Joyas Volardores Brian Doyle Analysis

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Life should be lived to its fullest potential. There are so many joyful experiences in life as well as many sad ones. In Brian Doyle’s Joyas Volardores, Doyle explains that humans instinctively attempt to block themselves from pain. But, he says that this is not how we should live. Instead, Doyle suggests that humans need to open their heart and experience the pain and sorrow, in order to fully experience all the love and joy that life has to offer. Doyle uses the hummingbird as an example in showing that love correlates with pain. The hummingbird dies a painful, early death due to living such a fast-paced, fulfilling life. Doyle explains the hummingbird’s life as a metaphor for the more love you receive, the more pain you will receive…show more content…
He informs us that, “the animals with the largest hearts in the world generally travel in pairs, and their penetrating moaning cries, their piercing yearning tongue, can be heard underwater for miles and miles”(96). By including the fact that whales have the “largest hearts in the world”, Doyle is correlating the capacity to feel love with the size of the heart. This could imply that whales live with an open heart, because the bigger something is, the harder it is to protect it. Whales travel in pairs, which suggests that love is an essential part of their lives. But like Doyle showed earlier, opening your heart to love, brings great pain. The whales “penetrating moans” and “piercing cries” show that they feel a lot of pain. The words “penetrating” and “piercing” are used to make the reader comprehend how deep their pain is. The cries of pain are so enormous that they can be heard for “miles and miles”. While the whale’s large heart allows it to feel love, it also causes the whale to live in perpetual…show more content…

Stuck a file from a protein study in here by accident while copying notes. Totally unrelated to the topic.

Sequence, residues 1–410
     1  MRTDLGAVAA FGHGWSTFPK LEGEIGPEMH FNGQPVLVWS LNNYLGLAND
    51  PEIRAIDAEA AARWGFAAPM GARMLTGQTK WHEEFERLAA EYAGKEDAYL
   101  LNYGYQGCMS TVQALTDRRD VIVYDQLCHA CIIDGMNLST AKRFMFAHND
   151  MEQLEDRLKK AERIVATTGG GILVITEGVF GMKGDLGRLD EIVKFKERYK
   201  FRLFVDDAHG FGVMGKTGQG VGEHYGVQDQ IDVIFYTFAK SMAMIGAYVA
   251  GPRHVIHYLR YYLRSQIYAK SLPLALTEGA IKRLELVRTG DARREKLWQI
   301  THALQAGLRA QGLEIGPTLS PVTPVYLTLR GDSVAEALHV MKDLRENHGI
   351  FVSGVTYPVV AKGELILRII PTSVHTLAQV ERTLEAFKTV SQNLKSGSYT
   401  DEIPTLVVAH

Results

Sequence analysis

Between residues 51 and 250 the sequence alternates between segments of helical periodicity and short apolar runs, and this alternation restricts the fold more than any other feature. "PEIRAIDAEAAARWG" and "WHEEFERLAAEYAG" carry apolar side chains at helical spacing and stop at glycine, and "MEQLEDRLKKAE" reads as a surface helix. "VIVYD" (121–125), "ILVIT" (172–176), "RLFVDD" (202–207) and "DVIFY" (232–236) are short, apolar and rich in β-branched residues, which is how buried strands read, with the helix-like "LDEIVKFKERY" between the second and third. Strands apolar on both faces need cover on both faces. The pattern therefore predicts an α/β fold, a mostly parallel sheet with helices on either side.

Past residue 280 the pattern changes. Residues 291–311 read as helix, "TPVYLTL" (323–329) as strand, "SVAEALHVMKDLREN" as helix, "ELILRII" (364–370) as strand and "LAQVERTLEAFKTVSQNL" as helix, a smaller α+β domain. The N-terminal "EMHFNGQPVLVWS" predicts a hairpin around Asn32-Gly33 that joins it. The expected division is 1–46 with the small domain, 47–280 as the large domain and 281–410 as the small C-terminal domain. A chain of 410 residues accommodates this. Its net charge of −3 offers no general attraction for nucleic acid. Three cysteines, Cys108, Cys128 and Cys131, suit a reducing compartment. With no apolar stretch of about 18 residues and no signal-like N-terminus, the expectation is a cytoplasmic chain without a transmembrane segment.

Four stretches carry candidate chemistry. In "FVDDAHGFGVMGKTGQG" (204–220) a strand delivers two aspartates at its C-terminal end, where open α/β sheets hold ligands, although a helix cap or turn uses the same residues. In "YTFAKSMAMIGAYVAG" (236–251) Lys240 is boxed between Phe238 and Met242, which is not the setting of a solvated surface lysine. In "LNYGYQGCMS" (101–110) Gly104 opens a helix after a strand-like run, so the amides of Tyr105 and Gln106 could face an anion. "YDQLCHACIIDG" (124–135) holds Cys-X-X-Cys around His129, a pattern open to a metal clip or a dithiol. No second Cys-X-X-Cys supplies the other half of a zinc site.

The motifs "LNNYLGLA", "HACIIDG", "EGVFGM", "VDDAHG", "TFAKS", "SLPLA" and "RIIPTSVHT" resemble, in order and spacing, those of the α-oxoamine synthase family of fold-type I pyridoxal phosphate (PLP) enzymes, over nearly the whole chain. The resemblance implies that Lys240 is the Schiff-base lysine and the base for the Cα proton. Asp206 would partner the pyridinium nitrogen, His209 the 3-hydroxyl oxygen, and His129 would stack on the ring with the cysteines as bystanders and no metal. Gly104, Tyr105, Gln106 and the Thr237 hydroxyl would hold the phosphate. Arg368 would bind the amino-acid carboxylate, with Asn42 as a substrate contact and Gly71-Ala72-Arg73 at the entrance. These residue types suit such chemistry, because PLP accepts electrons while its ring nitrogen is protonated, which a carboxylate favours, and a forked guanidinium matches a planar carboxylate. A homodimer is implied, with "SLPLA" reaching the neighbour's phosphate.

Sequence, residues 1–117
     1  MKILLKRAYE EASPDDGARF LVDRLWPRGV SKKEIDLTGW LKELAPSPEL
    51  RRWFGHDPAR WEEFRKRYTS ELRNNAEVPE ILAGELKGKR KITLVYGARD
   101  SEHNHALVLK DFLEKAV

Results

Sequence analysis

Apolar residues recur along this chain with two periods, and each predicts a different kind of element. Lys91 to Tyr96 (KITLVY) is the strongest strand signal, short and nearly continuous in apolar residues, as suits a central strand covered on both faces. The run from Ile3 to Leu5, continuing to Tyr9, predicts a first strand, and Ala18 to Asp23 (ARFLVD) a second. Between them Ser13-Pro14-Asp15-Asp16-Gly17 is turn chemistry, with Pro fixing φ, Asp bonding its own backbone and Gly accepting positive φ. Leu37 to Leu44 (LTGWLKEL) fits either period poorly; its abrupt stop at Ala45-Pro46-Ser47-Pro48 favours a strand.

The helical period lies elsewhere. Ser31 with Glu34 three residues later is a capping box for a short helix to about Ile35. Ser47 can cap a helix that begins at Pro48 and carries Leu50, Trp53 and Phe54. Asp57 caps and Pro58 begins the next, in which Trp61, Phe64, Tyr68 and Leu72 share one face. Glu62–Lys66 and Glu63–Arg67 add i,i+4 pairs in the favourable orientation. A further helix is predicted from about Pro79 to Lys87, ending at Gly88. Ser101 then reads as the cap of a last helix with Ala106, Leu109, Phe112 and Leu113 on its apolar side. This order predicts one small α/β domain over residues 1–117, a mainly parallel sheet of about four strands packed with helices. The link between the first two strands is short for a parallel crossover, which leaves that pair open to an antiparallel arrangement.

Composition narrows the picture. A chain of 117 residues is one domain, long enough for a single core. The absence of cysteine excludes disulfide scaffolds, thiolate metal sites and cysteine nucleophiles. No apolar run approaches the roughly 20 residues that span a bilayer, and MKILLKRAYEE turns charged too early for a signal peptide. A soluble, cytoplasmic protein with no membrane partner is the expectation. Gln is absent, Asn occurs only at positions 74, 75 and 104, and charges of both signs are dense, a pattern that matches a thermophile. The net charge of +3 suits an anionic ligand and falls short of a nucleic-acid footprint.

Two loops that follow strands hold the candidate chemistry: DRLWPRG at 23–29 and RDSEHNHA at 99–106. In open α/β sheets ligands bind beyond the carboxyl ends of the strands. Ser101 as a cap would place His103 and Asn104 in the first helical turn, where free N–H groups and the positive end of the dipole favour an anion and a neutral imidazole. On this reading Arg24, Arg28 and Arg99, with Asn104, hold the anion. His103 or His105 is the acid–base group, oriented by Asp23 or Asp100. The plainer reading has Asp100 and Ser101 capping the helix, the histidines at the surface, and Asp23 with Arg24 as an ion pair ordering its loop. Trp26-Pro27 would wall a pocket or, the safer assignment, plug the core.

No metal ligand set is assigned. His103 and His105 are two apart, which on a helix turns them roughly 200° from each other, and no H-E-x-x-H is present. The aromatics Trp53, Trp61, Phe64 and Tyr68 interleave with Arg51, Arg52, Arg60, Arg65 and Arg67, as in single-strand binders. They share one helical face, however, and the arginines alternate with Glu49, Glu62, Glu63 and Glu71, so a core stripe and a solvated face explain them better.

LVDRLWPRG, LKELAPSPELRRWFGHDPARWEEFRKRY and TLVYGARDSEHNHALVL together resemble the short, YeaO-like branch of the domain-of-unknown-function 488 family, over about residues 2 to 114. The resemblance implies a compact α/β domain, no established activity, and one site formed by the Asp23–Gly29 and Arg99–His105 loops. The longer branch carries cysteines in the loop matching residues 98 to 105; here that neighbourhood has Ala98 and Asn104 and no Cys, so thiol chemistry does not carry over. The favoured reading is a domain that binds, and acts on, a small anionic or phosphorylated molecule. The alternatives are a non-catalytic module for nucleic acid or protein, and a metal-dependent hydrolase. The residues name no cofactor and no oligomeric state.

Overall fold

He explains how it is human nature to close off our hearts to others, but we might as well open up our hearts because they will all be broken eventually. He talks about this human instinct when he says, “We are utterly open with no one in the end- not mother or father, not wife or husband, not lover, not child, not friend. We open windows to each but we live alone in the house of the heart”(Doyle, 96). All of these people listed are those we are thought to be closest and most open to. By listing these people, Doyle is showing that humans are never truly open with anyone. The heart is compared to a house, that has windows and is solely occupied by only your self. The “windows” are the small parts of your true feelings that you let other people see. The only person that can see the entire house of your heart, is you. But Doyle suggests, “Perhaps we must. Perhaps we could not bear to be so utterly naked, for fear of a constantly harrowed heart”(Doyle, 96). By using the word “must”, he implies that closing off our hearts is human instinct. “Naked” has a negative connotation here that helps the reader understand how hard it can be to open up. A naked human body is exposed, vulnerable, and embarrassing. A naked heart, is being open with all of your feelings, which can make someone feel vulnerable and embarrassed. “Harrowed” also has a connotation of being a more permanent distress. This helps
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